My earliest memories of enjoying woodland were mountain biking or building dens from fallen branches with junior school friends. Our time was fun, social, and often filled with both innocent play and youthful stupidity. 25 years later, I returned to the woods in search of a place of solace – to escape the stresses that come with adulthood and be alone, immersed in nature.
I was fortunate enough to find my sanctuary within the chaos of rarely trodden woodlands. Solitude deepened the sense of connectedness to nature, amplified further by slow observation through the eyes of a photographer. With that developing connectedness, came a period of social disconnect.
It’s a story that I’ve since heard from many photographers. Perhaps photography becomes a solitary pursuit so that introverts can re-energise, those that are hurting can heal, problems can be put into perspective, or in times of anguish we might be our most creative. There’s no doubt that the personal benefits of practising photography alone in nature are both profound and plentiful. It can even alter our view of the world and the values we live by.
Over the years I’ve discovered the value of being alone for most of the creative journey – resolute in finding individuality in where I shoot and allowing the trees to help dictate how I photograph them. Often shielding myself from social media feeds, I stubbornly held on tight to what felt like a protective bubble. But I’m much happier and contented than I was 10 years ago, so the padlocked door to my safe space is slowly being opened. Living only 10 minutes’ drive away from Joe Cornish, I was beginning to share the occasional photographic excursion to local woodlands with him. I loved the conversations in the car but the moment we stepped into that magical tree filled space, we parted ways to enjoy the woodland as if we’d arrived on our own. A trusting friendship based on similar creative values developed over a couple of years and in the summer of 2020, the first seeds of an exhibition idea were planted.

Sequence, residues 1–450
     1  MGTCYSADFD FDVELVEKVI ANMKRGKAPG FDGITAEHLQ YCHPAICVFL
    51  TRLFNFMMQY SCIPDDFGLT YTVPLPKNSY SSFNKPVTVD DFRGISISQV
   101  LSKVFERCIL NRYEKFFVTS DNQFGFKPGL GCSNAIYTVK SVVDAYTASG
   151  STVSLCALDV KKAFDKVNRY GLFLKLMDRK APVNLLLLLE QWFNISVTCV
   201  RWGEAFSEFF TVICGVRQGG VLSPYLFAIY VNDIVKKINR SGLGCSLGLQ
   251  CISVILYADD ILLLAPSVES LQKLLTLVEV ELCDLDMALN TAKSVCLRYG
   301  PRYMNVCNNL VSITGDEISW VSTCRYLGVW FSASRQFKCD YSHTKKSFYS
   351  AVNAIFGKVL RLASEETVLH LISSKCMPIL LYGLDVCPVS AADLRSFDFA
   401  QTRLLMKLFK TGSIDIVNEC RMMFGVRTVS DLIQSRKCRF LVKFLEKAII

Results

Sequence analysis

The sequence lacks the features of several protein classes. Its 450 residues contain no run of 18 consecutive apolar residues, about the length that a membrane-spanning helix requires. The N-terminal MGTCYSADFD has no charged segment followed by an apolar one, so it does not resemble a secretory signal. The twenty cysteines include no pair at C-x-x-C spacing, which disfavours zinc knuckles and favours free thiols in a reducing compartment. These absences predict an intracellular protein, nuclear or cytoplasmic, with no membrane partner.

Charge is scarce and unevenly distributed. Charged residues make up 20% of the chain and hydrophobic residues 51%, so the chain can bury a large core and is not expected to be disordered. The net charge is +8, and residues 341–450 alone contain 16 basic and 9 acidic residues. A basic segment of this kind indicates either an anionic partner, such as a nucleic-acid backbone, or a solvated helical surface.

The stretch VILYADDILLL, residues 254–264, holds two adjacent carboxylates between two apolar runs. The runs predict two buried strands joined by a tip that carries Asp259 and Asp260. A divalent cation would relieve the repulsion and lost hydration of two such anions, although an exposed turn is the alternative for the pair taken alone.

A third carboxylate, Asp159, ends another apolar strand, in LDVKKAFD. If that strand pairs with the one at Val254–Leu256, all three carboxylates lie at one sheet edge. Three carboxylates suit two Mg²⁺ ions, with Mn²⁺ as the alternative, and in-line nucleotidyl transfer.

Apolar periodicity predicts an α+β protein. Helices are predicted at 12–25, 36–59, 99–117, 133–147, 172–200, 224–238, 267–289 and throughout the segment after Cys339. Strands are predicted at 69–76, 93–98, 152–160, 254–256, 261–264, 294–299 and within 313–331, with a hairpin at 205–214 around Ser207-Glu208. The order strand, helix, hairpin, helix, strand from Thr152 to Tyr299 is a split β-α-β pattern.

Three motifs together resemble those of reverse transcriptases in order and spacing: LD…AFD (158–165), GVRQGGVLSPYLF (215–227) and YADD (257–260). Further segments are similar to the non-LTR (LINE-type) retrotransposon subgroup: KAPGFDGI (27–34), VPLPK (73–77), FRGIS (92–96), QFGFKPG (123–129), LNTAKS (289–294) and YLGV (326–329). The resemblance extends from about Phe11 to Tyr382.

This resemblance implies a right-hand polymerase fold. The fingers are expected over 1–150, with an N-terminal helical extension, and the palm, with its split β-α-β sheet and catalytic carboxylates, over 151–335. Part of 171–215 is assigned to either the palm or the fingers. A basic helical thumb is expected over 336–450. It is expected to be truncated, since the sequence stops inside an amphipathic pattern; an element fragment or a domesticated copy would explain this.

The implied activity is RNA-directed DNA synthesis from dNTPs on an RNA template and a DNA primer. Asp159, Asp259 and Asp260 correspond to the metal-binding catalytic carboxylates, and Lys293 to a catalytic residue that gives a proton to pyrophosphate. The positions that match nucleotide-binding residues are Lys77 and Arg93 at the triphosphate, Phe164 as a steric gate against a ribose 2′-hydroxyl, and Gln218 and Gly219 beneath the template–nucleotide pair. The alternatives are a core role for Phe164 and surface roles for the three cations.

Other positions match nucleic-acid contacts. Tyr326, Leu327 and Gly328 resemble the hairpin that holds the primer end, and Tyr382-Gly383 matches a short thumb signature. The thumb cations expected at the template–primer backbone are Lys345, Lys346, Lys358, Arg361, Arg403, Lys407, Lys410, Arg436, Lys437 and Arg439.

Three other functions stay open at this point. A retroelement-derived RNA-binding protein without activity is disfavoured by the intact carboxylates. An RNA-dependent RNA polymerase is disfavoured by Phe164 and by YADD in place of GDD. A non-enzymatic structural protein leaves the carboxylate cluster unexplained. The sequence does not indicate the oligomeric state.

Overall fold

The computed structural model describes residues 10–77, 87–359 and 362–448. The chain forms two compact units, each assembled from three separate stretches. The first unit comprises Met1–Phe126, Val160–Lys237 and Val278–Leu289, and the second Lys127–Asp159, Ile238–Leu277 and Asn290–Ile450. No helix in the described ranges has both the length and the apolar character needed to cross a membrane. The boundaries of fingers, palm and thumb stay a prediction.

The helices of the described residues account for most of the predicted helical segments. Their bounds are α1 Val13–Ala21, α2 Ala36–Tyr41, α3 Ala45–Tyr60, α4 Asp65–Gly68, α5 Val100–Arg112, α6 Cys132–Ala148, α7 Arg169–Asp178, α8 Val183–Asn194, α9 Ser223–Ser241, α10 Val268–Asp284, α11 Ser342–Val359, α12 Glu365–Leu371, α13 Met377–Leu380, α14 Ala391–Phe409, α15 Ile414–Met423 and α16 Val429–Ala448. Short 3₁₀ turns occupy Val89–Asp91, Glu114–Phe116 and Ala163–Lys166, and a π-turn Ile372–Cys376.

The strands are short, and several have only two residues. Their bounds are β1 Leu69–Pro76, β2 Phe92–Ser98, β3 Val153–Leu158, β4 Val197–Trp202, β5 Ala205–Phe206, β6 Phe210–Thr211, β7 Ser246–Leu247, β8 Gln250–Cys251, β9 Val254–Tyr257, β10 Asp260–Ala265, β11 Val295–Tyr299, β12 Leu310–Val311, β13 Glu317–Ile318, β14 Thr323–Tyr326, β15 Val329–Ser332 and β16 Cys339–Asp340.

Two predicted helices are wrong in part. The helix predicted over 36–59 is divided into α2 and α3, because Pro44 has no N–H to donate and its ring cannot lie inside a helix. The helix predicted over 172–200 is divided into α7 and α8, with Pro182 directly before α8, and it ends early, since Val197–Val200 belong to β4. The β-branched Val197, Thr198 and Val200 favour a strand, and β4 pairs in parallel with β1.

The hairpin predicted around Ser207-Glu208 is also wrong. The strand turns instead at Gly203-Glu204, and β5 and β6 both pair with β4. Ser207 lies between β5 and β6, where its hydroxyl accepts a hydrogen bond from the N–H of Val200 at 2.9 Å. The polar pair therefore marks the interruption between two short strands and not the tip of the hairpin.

What do you want to say?
There’s typically lots to consider when making photographs of complex environments such as woodland. Perhaps most photographs start with a response of, ‘ooo, that looks nice’, when spotting an appealing scene for the first time. This might develop into thoughts on why it has appeal – Where’s the emphasis? What needs to be excluded from the frame? Is there a story to be told? Where may the viewer’s eye travel when viewing the result? On other occasions, our response may be swift and instinctual as we capture a transient moment. Less often do we consciously consider a broader purpose for the photograph beyond solving the visual puzzle.
Sitting comfortably with a strong coffee in hand (and probably surrounded by the crumbs of a delicious chocolate brownie), Joe and I decided on an overriding theme for our woodland photography exhibition – Sanctuary. There are many complex emotions and ideas to consider, but the woods as a refuge – a place of calm and retreat – is the feeling that dominates most of our experiences. However, through our observations, experiences, and developing understandings, we’ve also felt fear, concern, awe, frustration, anger, joy, and empathy. In order to communicate our honest view of nature and some of its many facets, we had to embrace the fact that it’s not always pretty, but at the very least, challenging.
To avoid curating the work by means of cherry picking out favourite images, we first settled on 9 artistically inspired themes which reflect our own imaginative journeys and experiences when studying trees in all weather conditions and seasons. These were:
- A River Runs Through It
- Remains of Memory
- Dark Matter
- Chaos Theory
- The Age of Trees
- Life Cycle
- Gifts of Light
- All the Woods a Stage